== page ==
Europe is an ever-popular destination for aspiring English teachers, from small pueblos in Spain to the grand and picturesque St. Petersburg. Most European countries do not legally require a four-year degree. Still, the competition is so high that schools look for one anyway, especially in popular Western European countries like Italy and Germany. However, if you have TEFL certification and teaching experience, you might be able to find a job once on the ground.
That being said, you can still find a position in Europe if you know where to look. Eastern Europe -- including Russia and Ukraine -- has many opportunities for English teachers without a degree, and the demand is high. If you have a TEFL certificate, Romania and Georgia are also great options.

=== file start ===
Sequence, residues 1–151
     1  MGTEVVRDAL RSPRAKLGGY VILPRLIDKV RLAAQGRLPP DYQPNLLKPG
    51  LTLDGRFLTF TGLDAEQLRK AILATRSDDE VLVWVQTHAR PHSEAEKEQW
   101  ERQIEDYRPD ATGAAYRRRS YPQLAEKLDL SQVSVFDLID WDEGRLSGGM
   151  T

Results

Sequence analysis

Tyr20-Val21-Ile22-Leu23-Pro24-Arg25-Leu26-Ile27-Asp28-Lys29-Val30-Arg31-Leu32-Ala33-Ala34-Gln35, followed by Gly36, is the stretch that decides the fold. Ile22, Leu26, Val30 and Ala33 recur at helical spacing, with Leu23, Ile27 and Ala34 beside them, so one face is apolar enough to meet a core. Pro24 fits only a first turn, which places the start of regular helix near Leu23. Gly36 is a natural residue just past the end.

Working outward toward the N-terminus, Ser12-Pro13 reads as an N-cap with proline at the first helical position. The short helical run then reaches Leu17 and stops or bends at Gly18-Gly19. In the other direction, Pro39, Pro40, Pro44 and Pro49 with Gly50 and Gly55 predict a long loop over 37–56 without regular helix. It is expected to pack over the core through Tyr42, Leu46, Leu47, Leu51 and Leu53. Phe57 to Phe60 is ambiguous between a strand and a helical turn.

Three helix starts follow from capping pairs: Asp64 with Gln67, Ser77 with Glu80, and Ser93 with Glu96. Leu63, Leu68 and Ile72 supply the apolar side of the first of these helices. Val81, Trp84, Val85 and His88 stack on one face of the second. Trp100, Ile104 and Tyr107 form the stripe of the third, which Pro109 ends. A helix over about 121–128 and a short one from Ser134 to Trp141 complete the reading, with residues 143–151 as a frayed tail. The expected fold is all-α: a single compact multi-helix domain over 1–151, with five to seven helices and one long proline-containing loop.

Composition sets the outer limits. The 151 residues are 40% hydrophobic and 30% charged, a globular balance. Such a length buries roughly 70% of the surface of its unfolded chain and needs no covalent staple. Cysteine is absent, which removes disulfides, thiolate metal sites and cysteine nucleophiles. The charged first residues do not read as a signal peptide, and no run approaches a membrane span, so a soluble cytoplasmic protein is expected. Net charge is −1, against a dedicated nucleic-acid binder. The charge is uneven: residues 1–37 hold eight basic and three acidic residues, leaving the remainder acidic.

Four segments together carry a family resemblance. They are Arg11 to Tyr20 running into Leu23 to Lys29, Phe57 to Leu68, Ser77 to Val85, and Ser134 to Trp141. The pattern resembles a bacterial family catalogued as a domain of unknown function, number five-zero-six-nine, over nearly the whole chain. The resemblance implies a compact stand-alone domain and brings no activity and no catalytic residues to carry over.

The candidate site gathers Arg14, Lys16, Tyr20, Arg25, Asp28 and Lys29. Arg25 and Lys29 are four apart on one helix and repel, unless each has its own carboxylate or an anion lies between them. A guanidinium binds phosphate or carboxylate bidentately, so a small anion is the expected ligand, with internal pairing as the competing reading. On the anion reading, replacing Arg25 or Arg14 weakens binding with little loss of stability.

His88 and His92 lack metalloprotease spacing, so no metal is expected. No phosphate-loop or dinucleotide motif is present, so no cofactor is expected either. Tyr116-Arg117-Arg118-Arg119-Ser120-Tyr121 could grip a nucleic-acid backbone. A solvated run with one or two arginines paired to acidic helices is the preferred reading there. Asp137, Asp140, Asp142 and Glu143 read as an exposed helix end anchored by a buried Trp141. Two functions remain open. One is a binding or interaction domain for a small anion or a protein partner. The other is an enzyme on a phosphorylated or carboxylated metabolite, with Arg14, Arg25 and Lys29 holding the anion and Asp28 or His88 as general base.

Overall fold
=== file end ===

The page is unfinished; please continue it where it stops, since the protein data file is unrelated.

Although salaries for teaching positions in Latin America tend to be relatively low, the opportunities for teachers without a degree are plentiful, and the experience of living in one of these countries more than makes up for it. Whether you're in Peru, Ecuador, or Colombia, you'll have a fantastic experience, and your Spanish-speaking skills will improve dramatically. Some countries, such as Mexico and Argentina, require that you at least have a TEFL certificate.
Step 4. Apply for Non-Traditional Teaching Positions
Though it’s nice to be paid for your work, it’s also possible to teach English abroad as a volunteer. Volunteer positions typically don't require a college degree and are a great opportunity to get your foot in the door and gain teaching experience. More importantly, you'll be making a big difference in your students' lives and create unforgettable memories. Even countries like Vietnam, where paid English teachers are required to have a degree, will allow you to volunteer as a teacher regardless of your level of education.